Why can’t the Monday after the Super Bowl become a legitimate holiday?
If I were a betting man, I’d say a decent amount of you readers are at least going to consider calling in “sick” the Monday after next. If you do, I can’t blame you at all — especially since only the Cincinnati Bengals are tanking harder than my odds to get Super Monday off are now.
I hope your bosses are either cool or take the bait, because coming down with a mysterious (but definitely not made-up, no way) 24-hour bug the day after the Super Bowl is as grand an American tradition as eating latticed apple pie and lighting questionably legal fireworks in your back yard on July 4.
Most every year, there’s some new report making its rounds in the news about just how many billions of dollars in productivity employers stand to lose on Super Monday thanks to diehard football fans, regular folks who just had a few too many adult sodas at the party and everyone in the overlap of that Venn diagram taking the day off. The Washington Post estimated before last year’s game that more than 17 million people were going to take the next day off. I can only imagine the numbers will go up now that the Super Bowl has two likeable, exciting, highly hyped teams competing and none of them are going to give us the “I’m so sick of the Patriots” blues.
In a way, it’s a lot like New Year’s Eve and New Year’s Day. All of the action happens the night before the actual holiday, yet it’s the next day where everyone’s pretty much done celebrating and nothing huge happens, but it’s still a federal holiday. What do you do on New Year’s Day besides recover from an NYE party and remind yourself a hundred times to stop writing “2019” or whatever the previous year was on your documents? I certainly don’t do anything out of the ordinary.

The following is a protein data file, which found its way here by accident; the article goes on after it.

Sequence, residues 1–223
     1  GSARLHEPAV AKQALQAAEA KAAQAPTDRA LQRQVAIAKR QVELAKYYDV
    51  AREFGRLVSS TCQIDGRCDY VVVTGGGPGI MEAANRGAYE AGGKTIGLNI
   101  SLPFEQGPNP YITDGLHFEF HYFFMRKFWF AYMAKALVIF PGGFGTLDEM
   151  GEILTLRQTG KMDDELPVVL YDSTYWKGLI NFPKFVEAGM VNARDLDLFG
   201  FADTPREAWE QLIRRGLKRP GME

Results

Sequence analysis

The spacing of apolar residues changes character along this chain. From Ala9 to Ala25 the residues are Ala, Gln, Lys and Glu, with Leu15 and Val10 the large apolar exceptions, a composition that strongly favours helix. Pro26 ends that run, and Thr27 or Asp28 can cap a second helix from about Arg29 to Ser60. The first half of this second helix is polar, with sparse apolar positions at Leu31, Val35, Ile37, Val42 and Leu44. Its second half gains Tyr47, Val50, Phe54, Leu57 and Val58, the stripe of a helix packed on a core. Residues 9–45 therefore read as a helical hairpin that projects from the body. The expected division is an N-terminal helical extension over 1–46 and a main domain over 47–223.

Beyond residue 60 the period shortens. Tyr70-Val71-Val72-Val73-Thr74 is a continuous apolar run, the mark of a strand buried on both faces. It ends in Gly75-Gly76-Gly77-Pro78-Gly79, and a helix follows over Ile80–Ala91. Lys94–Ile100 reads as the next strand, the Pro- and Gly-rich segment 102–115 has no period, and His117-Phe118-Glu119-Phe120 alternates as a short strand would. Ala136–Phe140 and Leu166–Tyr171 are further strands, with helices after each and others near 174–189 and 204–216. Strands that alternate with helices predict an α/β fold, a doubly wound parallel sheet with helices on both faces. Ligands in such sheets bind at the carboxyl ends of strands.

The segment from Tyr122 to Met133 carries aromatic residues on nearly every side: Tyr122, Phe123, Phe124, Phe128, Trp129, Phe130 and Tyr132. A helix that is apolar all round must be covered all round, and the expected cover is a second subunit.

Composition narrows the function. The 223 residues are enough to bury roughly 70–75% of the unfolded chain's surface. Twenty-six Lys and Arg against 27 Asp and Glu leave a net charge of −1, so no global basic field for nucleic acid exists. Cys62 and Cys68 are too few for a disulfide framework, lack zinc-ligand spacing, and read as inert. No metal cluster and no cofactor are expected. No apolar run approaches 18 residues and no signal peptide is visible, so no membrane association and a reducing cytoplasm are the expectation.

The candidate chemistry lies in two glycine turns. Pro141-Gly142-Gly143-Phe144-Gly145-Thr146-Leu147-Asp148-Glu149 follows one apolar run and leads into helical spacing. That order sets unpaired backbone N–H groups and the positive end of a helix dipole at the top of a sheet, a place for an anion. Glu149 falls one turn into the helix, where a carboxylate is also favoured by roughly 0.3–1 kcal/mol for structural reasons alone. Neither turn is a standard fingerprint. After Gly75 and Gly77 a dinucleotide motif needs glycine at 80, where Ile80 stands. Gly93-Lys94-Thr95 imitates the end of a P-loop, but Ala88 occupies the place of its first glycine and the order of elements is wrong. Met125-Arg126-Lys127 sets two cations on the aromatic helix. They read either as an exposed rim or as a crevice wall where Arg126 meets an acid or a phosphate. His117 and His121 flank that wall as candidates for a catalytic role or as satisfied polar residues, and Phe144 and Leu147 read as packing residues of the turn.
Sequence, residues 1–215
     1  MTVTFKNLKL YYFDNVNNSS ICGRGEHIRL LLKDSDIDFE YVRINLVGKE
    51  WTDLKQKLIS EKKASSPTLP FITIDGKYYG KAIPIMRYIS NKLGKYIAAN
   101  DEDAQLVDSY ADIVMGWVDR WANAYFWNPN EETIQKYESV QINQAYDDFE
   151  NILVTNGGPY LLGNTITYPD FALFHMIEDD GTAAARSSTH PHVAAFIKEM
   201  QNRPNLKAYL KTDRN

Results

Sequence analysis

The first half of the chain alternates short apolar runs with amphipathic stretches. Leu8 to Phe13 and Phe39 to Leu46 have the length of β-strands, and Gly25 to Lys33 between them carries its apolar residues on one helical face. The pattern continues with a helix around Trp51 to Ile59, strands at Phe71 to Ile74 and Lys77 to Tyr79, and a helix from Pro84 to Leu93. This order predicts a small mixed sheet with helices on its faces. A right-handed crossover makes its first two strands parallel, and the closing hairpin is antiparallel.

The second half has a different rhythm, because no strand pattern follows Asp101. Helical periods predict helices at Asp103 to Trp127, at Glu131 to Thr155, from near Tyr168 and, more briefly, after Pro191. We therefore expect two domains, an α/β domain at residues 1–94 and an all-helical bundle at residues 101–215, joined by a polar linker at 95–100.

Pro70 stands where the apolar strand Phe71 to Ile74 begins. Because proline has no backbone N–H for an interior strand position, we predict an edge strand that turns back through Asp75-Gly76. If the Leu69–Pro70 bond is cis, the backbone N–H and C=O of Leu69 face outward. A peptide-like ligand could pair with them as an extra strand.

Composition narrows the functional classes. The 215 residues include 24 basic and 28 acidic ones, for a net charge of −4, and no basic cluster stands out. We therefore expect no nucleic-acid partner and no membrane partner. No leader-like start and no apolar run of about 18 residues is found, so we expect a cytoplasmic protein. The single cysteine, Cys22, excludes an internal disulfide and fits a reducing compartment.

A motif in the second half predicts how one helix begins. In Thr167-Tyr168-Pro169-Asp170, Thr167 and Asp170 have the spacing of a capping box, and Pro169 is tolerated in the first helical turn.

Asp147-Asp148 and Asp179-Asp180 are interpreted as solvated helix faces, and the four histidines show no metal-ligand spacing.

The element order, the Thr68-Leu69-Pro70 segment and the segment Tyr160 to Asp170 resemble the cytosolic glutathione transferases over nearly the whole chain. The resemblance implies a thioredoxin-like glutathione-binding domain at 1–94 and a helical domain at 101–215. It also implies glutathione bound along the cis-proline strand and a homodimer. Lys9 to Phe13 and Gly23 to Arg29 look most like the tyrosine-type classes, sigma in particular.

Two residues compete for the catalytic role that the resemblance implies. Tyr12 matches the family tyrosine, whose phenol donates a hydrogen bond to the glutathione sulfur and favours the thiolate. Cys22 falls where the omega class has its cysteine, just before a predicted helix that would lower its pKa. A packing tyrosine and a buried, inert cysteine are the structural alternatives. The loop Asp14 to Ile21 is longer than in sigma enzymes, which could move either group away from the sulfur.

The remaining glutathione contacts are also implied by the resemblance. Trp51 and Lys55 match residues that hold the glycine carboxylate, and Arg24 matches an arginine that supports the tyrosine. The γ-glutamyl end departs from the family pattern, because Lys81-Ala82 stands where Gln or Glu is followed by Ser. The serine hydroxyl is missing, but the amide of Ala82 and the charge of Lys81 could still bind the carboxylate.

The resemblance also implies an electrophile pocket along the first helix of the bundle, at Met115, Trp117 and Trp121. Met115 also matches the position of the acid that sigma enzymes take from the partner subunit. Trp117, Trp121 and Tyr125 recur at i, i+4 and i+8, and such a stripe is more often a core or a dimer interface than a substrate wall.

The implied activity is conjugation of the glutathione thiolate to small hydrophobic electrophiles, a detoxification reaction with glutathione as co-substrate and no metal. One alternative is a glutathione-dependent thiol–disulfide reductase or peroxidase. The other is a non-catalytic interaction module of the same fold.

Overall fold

I’m just trying to see Super Monday, the day after one of the most popular singular events in America, get its due as a full-blown holiday.
I don’t even have much of a stake in this! I can count on one hand the number of holidays where I don’t have to work. Super Monday definitely wouldn’t be one of them. I’ve never even been able to not work on my birthday. But I still want this to be a holiday because it just feels right to take the next logical step when you know full well that so many people are going to try to get out of work anyway.
For the record, I’m not on board for doing the same for the Tuesday after the college football national championship. There’s no good reason for the game to be on a Monday night instead of a Saturday, which would give everyone the next day off automatically. Can we at least make that happen?